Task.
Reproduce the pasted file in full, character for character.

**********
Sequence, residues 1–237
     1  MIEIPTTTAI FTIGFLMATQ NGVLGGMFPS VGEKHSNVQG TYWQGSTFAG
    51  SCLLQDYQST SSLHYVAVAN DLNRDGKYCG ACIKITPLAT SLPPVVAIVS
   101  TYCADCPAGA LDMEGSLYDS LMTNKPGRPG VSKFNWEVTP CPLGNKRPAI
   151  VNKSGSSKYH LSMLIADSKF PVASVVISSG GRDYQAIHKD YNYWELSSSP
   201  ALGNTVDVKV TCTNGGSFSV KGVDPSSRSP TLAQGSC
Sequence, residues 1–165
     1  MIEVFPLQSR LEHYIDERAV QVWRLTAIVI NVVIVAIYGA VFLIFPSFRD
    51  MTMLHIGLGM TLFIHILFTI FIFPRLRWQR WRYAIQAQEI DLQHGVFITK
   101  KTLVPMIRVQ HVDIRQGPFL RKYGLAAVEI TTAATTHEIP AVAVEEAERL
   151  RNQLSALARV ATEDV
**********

Sequence, residues 1–237
     1  MIEIPTTTAI FTIGFLMATQ NGVLGGMFPS VGEKHSNVQG TYWQGSTFAG
    51  SCLLQDYQST SSLHYVAVAN DLNRDGKYCG ACIKITPLAT SLPPVVAIVS
   101  TYCADCPAGA LDMEGSLYDS LMTNKPGRPG VSKFNWEVTP CPLGNKRPAI
   151  VNKSGSSKYH LSMLIADSKF PVASVVISSG GRDYQAIHKD YNYWELSSSP
   201  ALGNTVDVKV TCTNGGSFSV KGVDPSSRSP TLAQGSC
Sequence, residues 1–165
     1  MIEVFPLQSR LEHYIDERAV QVWRLTAIVI NVVIVAIYGA VFLIFPSFRD
    51  MTMLHIGLGM TLFIHILFTI FIFPRLRWQR WRYAIQAQEI DLQHGVFITK
   101  KTLVPMIRVQ HVDIRQGPFL RKYGLAAVEI TTAATTHEIP AVAVEEAERL
   151  RNQLSALARV ATEDV